by Jean Joseph

After reading Katz’s article “Gender, Race, and Sexuality in Mathematics,” Wolcott’s article “An argument for ‘meta-mathematics’,” Moore’s biography, and Gödel’s biography (which I am still reading), it seems there is a recurrent theme, a theme which I’ve been thinking about for quite a long time: mathematics education need not be only about doing mathematics but needs to encompass other areas of knowledge or, at least, make students aware of other facets of mathematics other than solving problems.

At first, this attitude toward mathematics education may seem a waste of time. One may argue that future mathematicians, or mathematicians, should only learn how to tackle mathematical problems. It is no doubt an indispensable skill that all mathematics students need to have (and I hope to become a better problem solver during my stay in graduate school), and it’s a skill, I think, students should be taught very soon since it seems to enhance one’s analytical capability. Nonetheless, however abstract mathematicians want to build a world for themselves, they live in a society with other people that are not mathematicians, where they must interact with them at some level. As a result, some understanding of human psychology and of the fact that other people may have different perspectives on the same issue would be quite necessary (Even among mathematicians I’ve read of countless disagreements because of divergence of views).

In this article, I try to widen the notion of “meta-mathematics” mentioned by Wolcott in that these other areas that are not necessarily about mathematical research may not be related to mathematics; I think some other areas, not necessarily having mathematics as their main focus, such as moral philosophy, psychology, politics, sexuality, literature, need not be total strangers to mathematics students, or mathematicians, since they live in a society that have complex norms and mores that have some influence on them whether or not they want it and since there are other aspects of their own lives they will need to deal with, which they might not find much help from a proof of a theorem but maybe from a story they’ve read from a novel.

But one may argue that students may do all these extra-activities on their own. Could they even if they wanted? It seems many graduate students do not have such a luxury when they have to focus on their math classes and on the ones they teach. Although it may not be practical to make students take as much literature or philosophy as mathematics, maybe one-fourth of the classes could have been in non-mathematics classes or classes, which I call mathematical humanities, such as the ones mentioned by Wolcott. For example, though I don’t think Gödel’s mathematics graduate curriculum did have these non-math classes (so far in my reading there has not been such reference), he had a regular interaction with philosophers, social scientists, physicists during his involvement in the Vienna Circle, which seems to have a significant influence on his work in mathematical logic. Also, Moore has been known to discuss politics in his classrooms when students were not able to come up with a proof to some assigned theorems (but I don’t think he thought it necessary for his students to do anything other than math). And to go even further, it seems many ancient Greeks could not even be classified in a single category: Plato usually is mentioned as a philosopher, but couldn’t he be seen as a political scientist with his *The Republic* or a mathematician with his view on the ontology of mathematical objects, which, by the way, greatly influenced Gödel and Einstein who were seriously alienated in the postmodernist time in which they were living (As a matter of fact, many mathematicians consider themselves Platonists). When it comes to Aristotle, was he a mathematician, physicist, politician, literary critic, philosopher? It’s hard to know since he was involved in all these areas. What about Bertrand Russell? If one had only known him as a mathematician and later heard that he was awarded a Nobel Prize, wouldn’t it make sense that this person might ask if there was a Nobel Prize for mathematics? And if he or she was told it was in literature, would it be impossible that this person might think that it probably was another Russell? Well, I can imagine such a scenario if this person is of the opinion that a mathematician’s job is to only do mathematics; however, it seems, historically, a mathematician was seen more as an intellectual capable of taking part in discourses other than mathematics, and, in their education, they were expected to be acquainted with non-math subjects and other facets of mathematics, like its history and philosophy (as far as I know, it seems many scientists in the past also were known to be well versed in non-scientific areas such as the arts; maybe it is a modern view that an expert must exclusively focus on the small island of his or her area of expertise).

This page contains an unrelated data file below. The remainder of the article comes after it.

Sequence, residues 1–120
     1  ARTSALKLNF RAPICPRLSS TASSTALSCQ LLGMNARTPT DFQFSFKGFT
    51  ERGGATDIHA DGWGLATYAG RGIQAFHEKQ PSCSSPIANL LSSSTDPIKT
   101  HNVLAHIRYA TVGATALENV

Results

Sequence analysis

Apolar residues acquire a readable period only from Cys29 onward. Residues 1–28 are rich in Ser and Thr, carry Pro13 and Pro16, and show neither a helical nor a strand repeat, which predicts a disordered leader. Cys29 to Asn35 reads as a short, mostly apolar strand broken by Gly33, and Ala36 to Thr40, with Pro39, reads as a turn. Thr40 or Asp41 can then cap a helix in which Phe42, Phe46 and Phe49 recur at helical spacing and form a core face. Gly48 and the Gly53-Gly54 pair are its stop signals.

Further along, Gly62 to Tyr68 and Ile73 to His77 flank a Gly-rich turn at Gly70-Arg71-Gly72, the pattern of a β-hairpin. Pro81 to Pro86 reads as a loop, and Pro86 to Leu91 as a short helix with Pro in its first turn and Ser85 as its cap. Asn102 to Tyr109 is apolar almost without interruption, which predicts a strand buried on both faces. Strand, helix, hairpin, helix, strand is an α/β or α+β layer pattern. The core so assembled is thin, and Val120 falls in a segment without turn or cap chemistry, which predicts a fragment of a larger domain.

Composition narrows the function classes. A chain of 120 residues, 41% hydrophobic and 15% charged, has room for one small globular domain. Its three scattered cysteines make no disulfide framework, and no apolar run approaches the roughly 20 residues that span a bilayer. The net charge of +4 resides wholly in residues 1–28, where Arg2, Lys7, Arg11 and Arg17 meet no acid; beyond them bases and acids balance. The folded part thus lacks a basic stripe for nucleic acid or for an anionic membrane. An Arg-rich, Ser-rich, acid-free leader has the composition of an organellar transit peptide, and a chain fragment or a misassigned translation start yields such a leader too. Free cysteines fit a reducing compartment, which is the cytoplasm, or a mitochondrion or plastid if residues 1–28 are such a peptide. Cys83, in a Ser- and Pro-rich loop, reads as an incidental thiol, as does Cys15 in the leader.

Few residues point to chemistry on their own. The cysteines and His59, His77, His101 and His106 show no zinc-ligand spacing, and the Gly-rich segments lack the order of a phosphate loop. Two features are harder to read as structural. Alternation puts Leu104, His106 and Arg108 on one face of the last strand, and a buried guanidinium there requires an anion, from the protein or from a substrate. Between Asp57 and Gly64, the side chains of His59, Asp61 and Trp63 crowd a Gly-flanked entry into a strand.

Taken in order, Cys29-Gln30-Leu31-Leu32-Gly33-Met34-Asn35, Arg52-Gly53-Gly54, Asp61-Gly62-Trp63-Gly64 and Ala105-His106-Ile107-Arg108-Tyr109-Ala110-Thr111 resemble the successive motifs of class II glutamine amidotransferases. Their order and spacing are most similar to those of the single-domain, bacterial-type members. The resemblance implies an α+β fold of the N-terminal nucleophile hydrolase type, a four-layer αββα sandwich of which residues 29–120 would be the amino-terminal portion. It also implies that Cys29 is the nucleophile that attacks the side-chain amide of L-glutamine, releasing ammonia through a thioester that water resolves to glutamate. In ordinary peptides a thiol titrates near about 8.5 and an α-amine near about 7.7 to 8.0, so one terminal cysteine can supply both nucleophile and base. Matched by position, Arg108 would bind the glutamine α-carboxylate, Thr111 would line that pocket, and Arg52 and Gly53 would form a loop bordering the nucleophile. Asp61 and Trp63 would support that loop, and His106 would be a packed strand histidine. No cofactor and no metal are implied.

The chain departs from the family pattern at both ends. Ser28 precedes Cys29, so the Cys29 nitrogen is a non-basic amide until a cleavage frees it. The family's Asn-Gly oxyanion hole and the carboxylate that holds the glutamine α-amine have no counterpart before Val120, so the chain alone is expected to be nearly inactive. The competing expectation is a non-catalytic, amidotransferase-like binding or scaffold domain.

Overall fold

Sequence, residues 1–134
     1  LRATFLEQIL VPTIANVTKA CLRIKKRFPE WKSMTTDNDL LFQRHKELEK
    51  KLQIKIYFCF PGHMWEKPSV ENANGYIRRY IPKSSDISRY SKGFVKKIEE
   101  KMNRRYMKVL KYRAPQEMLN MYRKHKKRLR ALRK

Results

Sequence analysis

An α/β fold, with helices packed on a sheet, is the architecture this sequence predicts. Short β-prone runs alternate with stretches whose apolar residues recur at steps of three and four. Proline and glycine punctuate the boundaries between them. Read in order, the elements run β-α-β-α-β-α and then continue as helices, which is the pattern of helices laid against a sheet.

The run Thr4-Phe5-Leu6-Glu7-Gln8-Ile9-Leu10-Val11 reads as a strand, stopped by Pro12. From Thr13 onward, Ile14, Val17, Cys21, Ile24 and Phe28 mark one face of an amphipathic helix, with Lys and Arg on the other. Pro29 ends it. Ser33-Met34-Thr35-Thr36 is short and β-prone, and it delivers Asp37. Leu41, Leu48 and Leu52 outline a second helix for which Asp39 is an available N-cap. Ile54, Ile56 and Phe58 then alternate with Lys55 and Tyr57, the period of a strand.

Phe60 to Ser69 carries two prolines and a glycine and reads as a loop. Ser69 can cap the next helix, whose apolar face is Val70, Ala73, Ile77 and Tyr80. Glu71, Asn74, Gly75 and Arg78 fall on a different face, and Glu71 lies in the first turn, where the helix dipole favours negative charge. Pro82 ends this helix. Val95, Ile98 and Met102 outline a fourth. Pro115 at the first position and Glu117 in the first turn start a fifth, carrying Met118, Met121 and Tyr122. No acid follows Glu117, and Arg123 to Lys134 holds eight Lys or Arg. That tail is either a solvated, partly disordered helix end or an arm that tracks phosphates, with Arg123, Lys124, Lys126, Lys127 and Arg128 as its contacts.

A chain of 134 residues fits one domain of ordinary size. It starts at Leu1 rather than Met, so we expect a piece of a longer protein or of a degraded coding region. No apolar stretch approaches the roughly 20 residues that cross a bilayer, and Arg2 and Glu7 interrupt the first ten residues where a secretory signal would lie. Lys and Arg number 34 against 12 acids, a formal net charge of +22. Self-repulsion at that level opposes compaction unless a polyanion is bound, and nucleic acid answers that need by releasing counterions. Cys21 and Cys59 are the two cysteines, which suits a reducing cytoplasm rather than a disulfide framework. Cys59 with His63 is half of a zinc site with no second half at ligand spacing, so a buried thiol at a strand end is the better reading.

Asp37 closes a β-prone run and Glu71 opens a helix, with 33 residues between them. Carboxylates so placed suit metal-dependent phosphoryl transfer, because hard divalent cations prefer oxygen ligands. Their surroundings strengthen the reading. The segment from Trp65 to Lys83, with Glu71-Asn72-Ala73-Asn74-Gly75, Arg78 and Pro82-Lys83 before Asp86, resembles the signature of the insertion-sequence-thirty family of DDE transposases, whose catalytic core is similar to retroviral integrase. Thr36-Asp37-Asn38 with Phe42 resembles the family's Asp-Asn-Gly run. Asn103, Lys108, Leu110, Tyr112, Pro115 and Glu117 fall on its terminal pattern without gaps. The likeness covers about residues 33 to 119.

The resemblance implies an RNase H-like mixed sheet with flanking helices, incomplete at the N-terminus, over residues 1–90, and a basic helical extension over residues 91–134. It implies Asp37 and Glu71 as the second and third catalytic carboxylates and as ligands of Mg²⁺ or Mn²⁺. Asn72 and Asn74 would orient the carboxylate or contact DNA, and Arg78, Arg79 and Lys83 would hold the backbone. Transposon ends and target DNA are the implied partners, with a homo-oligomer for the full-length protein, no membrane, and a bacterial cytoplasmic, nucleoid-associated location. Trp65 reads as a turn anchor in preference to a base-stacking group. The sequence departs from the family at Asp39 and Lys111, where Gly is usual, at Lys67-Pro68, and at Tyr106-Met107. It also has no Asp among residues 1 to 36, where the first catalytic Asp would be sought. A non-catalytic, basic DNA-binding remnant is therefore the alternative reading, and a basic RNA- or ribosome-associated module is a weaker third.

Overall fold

What do you then think? Does your curriculum have only math classes? If you were a graduate student a long time ago, how different was your curriculum from modern ones in term of the types of classes you were supposed to take? If you’re a student outside the U.S., how liberal do you think your program is?